I’m reminded of B.K.S. Iyengar’s statement that he was impressed that the West had embraced so many different types of yoga: Iyengar Yoga (a term he didn’t coin and never used), Power Yoga (He said that all yoga is power yoga), Ashtanga Yoga (he said that any yoga based in the Patanjalayogasutra is ashtanga yoga), Bikram Yoga, Flow Yoga, even Hatha Yoga vs. Raja/Bhakti/Jñana, so on, so forth. Mr. Iyengar went on to say that back when he was under the tutelage of Tirumalai Krishnamacharya, the great yoga master only called what he taught “Yoga”.

Well, that makes this a very easy essay to write. If you’d like to learn about genuine, non-New Age hatha yoga history, you can’t do much better than Mark Singleton’s very well-researched Yoga Body: The Origins of Modern Posture Practice (Oxford, Oxford University Press, 2010). For a brief but insightful overview of hatha yoga’s philosophical basis (thereby avoiding reading the obtuse and grindingly dull Patanjalayogasutra), I recommend B.K.S. Iyengar’s introduction to Light On Yoga. If you wish to go deeper, though, I suggest reading Mr. Iyengar’s Light On the Yoga Sutra of Patanjali and his numerous explications of the Sutra in his multi-volume set of complete writings, Ashtadala Yogamala.1

So – for yoga history and philosophy – those are my picks. You can find more suggestions in the Resources section of this website. I suppose you can study anatomy and physiology, too, but I never met a great hatha yoga master who devoted much time to that.

But, what about studying, learning and mastering true hatha yoga, especially in this age of trendy exercise hybridization? At this writing, I’ve been studying and practicing yoga for 44 years (and yoga philosophy for five years more than that). Here are my five suggestions:

Things to Always Practice in Yoga

  1. Find the best teacher(s) you can possibly find. You may have to spend money and travel (possibly to some place not as exotic as Bali or Costa Rica). Keep looking for ever-better teachers until you find that special one (and they’re getting harder to come by in this Yoga Alliance day and age). Make sure he/she knows asana, pranayama, mudra, bandha, applications of dharana, dhyana and esoteric yoga anatomy. If the whole package isn’t there, you’ve got nothing more than an aerobics teacher. Remember that old saw about “When the student is ready, the teacher appears”? Well, it’s probably true. But, you have to keep digging.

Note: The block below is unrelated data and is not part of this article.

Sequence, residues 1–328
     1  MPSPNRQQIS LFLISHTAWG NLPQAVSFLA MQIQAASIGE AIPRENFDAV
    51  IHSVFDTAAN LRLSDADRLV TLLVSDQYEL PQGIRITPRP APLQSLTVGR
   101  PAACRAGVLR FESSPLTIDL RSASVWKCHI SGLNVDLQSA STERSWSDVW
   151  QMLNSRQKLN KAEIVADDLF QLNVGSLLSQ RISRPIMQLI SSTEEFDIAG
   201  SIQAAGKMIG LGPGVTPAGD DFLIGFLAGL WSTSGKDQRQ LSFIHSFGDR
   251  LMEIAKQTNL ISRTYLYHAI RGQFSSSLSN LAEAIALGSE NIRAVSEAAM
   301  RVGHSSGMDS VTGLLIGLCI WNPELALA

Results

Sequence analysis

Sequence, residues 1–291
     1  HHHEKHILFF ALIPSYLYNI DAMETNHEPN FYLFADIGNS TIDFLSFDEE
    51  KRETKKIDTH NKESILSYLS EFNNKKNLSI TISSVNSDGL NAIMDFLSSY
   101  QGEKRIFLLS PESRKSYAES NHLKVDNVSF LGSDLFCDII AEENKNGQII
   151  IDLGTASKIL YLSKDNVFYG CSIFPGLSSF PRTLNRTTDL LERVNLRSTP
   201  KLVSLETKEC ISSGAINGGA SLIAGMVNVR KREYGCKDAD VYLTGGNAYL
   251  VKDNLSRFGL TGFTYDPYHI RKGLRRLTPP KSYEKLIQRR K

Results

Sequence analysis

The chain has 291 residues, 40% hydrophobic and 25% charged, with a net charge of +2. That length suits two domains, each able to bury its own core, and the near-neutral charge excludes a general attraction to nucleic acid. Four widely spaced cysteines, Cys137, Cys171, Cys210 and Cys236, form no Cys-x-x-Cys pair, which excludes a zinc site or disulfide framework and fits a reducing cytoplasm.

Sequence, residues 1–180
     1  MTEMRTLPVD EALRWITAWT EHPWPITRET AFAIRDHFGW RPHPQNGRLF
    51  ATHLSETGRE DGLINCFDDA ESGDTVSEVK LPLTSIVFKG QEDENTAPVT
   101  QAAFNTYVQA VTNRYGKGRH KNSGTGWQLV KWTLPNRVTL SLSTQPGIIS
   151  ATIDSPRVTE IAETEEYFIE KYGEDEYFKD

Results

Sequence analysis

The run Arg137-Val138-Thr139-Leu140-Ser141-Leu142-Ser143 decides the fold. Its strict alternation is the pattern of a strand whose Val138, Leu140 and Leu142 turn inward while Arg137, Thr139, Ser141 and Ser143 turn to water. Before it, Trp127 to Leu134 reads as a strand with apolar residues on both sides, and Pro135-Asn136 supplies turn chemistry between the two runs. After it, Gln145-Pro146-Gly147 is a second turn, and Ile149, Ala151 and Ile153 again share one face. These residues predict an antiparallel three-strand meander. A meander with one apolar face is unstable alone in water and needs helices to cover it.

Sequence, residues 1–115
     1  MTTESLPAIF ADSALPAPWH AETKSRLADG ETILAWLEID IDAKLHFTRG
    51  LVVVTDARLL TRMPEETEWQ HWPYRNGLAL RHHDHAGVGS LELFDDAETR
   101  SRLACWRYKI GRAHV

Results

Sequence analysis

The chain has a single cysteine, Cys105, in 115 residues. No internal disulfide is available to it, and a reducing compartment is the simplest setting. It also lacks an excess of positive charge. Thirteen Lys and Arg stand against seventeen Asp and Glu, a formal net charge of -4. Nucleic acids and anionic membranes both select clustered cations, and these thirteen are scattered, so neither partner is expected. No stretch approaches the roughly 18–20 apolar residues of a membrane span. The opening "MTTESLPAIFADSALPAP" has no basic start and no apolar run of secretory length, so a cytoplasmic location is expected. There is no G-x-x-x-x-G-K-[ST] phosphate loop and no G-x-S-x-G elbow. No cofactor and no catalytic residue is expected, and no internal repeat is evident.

2. Practice what you learn; keep practicing it and don’t stop when you get bored, frustrated, or frightened. The ability to surmount boredom is the sign of a true master. And never think you’ve “got it down” (the sure sign of a mediocrity).

  3. At some point in your yoga journey, you’re going to have to learn pranayama (breath control), mudras (internal seals), bandhas (internal grips) and dharana (concentration) in service to dhyana (meditation). There is no substitute for these higher practices and you will not attain anything of lasting value without them.

  4. You’re not practicing enough! Practice more! And, quit doing only the stuff you love. Practice the hard, detestable, painful, scary things and make them your own. Your rewards will be ease, acceptance, cessation of pain and courage.

  5. Turn off the heat, the music, the smart phone, the T.V. and re-read numbers 1 through 4, above. Then, read the list to the right. Good luck, Śiṣya!

Things to Avoid in Yoga Practice

  1. Yoga that does not have its origins in India. Remember, a number of today’s “classical” asanas came into Indian yoga from other traditions – some even from the West. But, steer clear of newly-created pseudo-techniques with origins in the New Age, the California 60s/70s scene or the massive egos of rock star yoga teachers (see below). “Cat-Cow”, “Cowboy Negotiation”, “Fallen Angel”, “Wild Thing” (which, I believe, is a song by The Troggs, covered powerfully by X), “Happy Baby” and loud, growling Ujjayi breaths are to be avoided.

  2. Rock star yoga teachers who believe their own publicity and think they’re rock star yoga teachers. Remember, you’re only cool when you don’t know it.

  3. Yoga Journal

  4. Yoga Alliance

  5. Yoga studios that exist only for high net worth individuals and expensive, big margin teacher training programs.

  6. Yoga advice from Oprah, Chopra and Oz.

In closing, remember that Gorakshanath, Matsyendranath, Tirumalai Krishnamacharya, Swami Kuvalayananda, B.K.S. Iyengar, Pattabhi Jois, Indra Devi, T.K.V. Desicachar, Martyn Jackson, Tim Miller, Manouso Manos, Patricia Walden, David Swenson, Ramanand Patel, Faeq Biria and hundreds of other brilliant yoga teachers never graduated from expensive Teacher Training Programs. They all made their names without registry in the Yoga Alliance. They loved hatha-vidya, it’s practice, it’s philosophy, it’s lifestyle, its truly wonderful effects and it’s all-encompassing life-enhancing benefits. That’s what I love about yoga.

So should you.

1 Due to my background, I can be accused of an Iyengar-ward slant. However, I can say as someone who studied yoga philosophy academically while getting a couple of degrees in religion and philosophy and as someone who spent an entire year doing nothing but reading the Sutra and every translated commentary on it, that B.K.S. Iyengar was a brilliant auto-didact whose commentaries as a deep practitioner of hatha-vidya  held the highest value for me. No other teacher I met, with the possible exception of Geeta Iyengar, had anywhere near his depth. Many of those teachers had no depth at all.